Books

Themes

Kalpana’s books encompass the following themes: Violence Studies, Gender and Feminist Studies, Disability Studies, Law and Society, Social Policy, Development Studies.

A core characteristic of her published work is that it is immersed in collaborations across disciplines, each book deeply interdisciplinary, bringing together original essays by different sets of contributors from widely varying disciplinary backgrounds

Mahilavaranam / Womanscape. Secunderabad: Asmita Resource Centre for Women, 2001. Co-editor.

Mahilavaranam / Womanscape. Secunderabad: Asmita Resource Centre for Women, 2001. Co-editor.

As we looked at what women have done and what they had achieved in the last century it seemed as if the century belonged to women…women who learned to read and write, women who as widows dared to remarry, fighting for the right to education, entering movements, flocking to jails, stepping for the first time into the world of radio, cinema and stage, becoming the first doctors, scientists, musicians, dancers, artists, students. Their courage writ large across the century fills us with a sense of awe. This book is a celebration of the past and a hymn to the future.

De-Eroticizing Assault: Essays on Modesty, Honour and Power, co-author, Calcutta: Stree, 2002. Co-author

De-Eroticizing Assault: Essays on Modesty, Honour and Power, Calcutta: Stree, 2002. Co-author

Focussing on the many hegemonies that confront women and men today, this book presents fresh insights on the linkages among gender, culture and politics. The authors’ “concerns in politics have centred on questions of of culture and representation, on power and hegemonies that find legitimacy, in globalization, and the imperatives of anti-communal struggles in a field fractured by the globalizing politics of cultures.” As feminists who have long worked in Andhra Pradesh, they have witnessed the coalition between globalisation and fundamentalism and consider the disturbing portents for women, children, minorities and Dalits. While reflecting on the increase in state repression, they also critique the way the Left revolutionary parties too restrict women’s engagement.

Muvalur Ramamirthammal’s Web of Deceit: Devadasi Reform in Colonial India. New Delhi: Kali for Women, 2003.

Muvalur Ramamirthammal’s Web of Deceit: Devadasi Reform in Colonial India. New Delhi: Kali for Women, 2003. Co-translator and co-editor.

Muvalur Ramamirthammal’s novel, Web of Deceit, has generally been read as a novel that propagates reform, and has even occasionally been dismissed by feminist scholars as a “reformist” text. At the other end, it has been read as a radical text that is located in the politics of the self-respect movement and one that provides a far more nuanced understanding of the problem than the movement for devadasi abolition. This is however a rather simplistic portrayal of what happened in the devadasi abolition movement and in the context of the debate it generated. The novel, however, does the contrary. It contains in its unfolding, all the nuances and complexities of the devadasi institution and the demand for abolition. On the surface, it is a very straight and unequivocal demand – for abolition of the practice of dedicating girls to temples [a euphemism for prostitution] that the novel propagates. And yet in the very process of articulating the demand, the author also uncovers different layers of resistance and acquiescence to this demand.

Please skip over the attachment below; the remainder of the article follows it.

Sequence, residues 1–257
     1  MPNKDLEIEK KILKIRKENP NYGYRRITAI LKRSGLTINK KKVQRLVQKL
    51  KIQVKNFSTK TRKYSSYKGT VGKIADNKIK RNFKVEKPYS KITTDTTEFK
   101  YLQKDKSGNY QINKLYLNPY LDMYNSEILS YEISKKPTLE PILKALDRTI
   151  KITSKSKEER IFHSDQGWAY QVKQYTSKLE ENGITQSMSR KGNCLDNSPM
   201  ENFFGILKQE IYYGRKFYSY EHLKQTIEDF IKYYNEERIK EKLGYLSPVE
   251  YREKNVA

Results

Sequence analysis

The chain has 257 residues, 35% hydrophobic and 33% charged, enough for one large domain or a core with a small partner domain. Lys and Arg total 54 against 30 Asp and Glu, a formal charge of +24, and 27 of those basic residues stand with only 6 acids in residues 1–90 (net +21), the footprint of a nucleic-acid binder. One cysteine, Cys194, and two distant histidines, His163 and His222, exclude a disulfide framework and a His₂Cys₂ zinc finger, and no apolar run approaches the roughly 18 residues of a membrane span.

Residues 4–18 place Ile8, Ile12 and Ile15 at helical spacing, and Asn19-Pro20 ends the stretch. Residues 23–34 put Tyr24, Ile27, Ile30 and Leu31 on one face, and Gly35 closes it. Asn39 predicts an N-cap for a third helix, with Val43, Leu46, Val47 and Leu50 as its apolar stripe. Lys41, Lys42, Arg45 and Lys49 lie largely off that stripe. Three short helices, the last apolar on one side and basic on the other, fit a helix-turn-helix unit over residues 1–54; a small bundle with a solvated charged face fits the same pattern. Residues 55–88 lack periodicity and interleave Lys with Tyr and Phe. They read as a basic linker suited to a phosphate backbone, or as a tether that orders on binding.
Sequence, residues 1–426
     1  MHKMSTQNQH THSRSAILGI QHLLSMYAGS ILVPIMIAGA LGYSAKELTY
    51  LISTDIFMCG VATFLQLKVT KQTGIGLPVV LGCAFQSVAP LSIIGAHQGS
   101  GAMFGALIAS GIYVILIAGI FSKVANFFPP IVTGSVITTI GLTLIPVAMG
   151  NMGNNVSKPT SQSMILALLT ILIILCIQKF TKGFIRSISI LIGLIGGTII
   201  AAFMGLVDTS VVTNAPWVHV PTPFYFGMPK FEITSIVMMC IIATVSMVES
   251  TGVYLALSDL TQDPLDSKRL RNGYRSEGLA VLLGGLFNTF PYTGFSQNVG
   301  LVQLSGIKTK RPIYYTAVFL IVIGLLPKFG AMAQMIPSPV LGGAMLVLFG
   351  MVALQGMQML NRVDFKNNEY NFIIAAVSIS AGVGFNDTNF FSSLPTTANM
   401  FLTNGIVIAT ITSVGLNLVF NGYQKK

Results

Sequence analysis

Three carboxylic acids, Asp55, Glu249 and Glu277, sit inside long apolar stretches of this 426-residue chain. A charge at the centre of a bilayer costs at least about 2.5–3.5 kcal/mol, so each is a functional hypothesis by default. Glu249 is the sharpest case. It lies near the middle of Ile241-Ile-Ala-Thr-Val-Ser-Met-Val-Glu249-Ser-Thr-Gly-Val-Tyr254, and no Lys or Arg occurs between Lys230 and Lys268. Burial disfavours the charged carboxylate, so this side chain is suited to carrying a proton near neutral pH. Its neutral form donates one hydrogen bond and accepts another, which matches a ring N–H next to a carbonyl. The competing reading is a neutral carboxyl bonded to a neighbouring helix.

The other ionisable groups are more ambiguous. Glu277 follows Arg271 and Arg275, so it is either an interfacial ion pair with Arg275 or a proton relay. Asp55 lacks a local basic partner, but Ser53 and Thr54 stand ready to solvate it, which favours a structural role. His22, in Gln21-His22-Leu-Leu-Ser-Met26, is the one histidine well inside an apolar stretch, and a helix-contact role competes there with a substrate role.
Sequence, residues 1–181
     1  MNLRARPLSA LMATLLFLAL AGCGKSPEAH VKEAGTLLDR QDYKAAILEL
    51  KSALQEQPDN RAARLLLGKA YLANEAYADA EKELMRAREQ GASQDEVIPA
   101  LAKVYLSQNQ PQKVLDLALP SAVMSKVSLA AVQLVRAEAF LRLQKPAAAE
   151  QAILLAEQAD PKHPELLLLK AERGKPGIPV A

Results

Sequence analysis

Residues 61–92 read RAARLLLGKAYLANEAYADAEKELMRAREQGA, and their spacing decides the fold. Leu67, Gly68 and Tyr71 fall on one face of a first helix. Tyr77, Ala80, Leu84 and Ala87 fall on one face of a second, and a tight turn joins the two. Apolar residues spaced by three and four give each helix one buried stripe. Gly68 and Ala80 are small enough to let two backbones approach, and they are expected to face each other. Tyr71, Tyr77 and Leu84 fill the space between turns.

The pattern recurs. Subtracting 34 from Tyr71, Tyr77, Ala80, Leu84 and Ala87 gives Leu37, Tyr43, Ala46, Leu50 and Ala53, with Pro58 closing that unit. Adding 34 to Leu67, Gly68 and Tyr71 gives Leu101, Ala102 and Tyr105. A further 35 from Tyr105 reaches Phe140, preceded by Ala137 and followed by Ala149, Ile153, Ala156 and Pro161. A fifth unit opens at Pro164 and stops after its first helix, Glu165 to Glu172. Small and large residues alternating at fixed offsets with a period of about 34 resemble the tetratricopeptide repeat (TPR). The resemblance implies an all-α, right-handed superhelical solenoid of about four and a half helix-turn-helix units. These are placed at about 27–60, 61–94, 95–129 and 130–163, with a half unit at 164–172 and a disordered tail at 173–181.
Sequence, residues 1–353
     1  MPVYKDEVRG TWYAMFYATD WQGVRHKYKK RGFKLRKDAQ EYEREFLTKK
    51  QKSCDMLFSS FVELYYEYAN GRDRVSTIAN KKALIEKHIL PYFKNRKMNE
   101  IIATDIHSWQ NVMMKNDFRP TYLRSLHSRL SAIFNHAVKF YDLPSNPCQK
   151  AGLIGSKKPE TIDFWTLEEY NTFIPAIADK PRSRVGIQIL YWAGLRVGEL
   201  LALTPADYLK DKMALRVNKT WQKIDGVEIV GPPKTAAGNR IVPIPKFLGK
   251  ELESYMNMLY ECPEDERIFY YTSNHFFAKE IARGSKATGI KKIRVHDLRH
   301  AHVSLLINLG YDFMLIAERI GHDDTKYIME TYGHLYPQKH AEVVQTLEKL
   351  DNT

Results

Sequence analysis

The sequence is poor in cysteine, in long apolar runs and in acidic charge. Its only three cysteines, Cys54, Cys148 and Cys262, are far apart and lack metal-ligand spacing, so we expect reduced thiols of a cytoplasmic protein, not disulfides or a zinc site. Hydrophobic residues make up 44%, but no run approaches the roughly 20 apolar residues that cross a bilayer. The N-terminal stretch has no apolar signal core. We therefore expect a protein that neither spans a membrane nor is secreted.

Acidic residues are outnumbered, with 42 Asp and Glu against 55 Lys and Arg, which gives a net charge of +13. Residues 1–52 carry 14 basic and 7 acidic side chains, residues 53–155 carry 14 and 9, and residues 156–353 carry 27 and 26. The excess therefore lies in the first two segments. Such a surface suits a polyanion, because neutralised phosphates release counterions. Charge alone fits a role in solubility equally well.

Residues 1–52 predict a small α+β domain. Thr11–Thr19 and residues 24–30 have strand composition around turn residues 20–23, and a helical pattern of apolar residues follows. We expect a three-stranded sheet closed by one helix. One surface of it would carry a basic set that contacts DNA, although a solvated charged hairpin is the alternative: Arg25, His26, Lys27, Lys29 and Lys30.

The Violence of Normal Times: Essays on Women’s Lived Realities. New Delhi: Women Unlimited & Kali for Women, Delhi, 2005. Editor

The Violence of Normal Times: Essays on Women’s Lived Realities. New Delhi: Women Unlimited & Kali for Women, Delhi, 2005. Editor

This volume looks at the experience and articulation of violence against women in relation to feminist debates and organising on the issue and the positive/negative responses to that articulation particularly from the standpoint of law and the institutional apparatuses of the state. Its several essays focus on everyday settings from justice dispensed by traditional authorities to modern courtrooms domestic spaces a home for mentally disabled women in Pune a factory in Tamil Nadu. Moving from the routine to the extraordinary the essays analyse the spectrum of violence against women that covers witch hunting in Adivasi communities structural adjustment programmes and economic violence against sexually marginalised groups and against women of religious and ethnic minorities. Read together they expose the extent of systemic violence against women in India a violence so routine that everyday forms of it slide into the gross and macabre in a seamless continuum.

The Situated Politics of Belonging, London: Sage, 2006. Co-editor

The Situated Politics of Belonging, London: Sage, 2006. Co-editor

This collection of essays examines the racialized and gendered effects of contemporary politics of belonging, issues which lie at the heart of contemporary political and social lives. It encompasses critical questions of identity and citizenship, inclusion and exclusion, emotional attachments, violent conflicts and local/global relationships. The range – geographically, thematically and theoretically – covered by the chapters reflects current concerns in the world today.

From Mathura to Manorama: 25 years of Resisting Violence against Women., New Delhi: Women Unlimited, 2007. Co-author

From Mathura to Manorama: 25 years of Resisting Violence against Women., New Delhi: Women Unlimited, 2007. Co-author

From the late 1970s to the present, feminists in India have had to deal with spiralling violence against women and the alarming ramifications of its forms, as well as assess their strategies to combat it. This monograph reviews twenty-five years of protest and action by them, in an attempt to take both our analysis and theories forward. It maps the trajectory of feminist organising in India in the post-Emergency period, after 1977; the paths of legal reform and the points at which they have intersected with, or resulted from, feminist campaigns; the texture of campaigns and the creativity with which women’s groups have fashioned and sustained difficult struggles against violence; the persistence of feminist interventions and the ways in which different groups have been able to tilt the balance in favour of women in perceptible ways; and the escalation of collective violence, increasingly by agents of the state, against women. Notwithstanding the diversity of formal political affiliations and theoretical analyses within the women’s movement, the last twenty-five years have seen the evolution of a minimum consensus that categorically rejects any rationalisation of violence against women, even while recognising its complexity.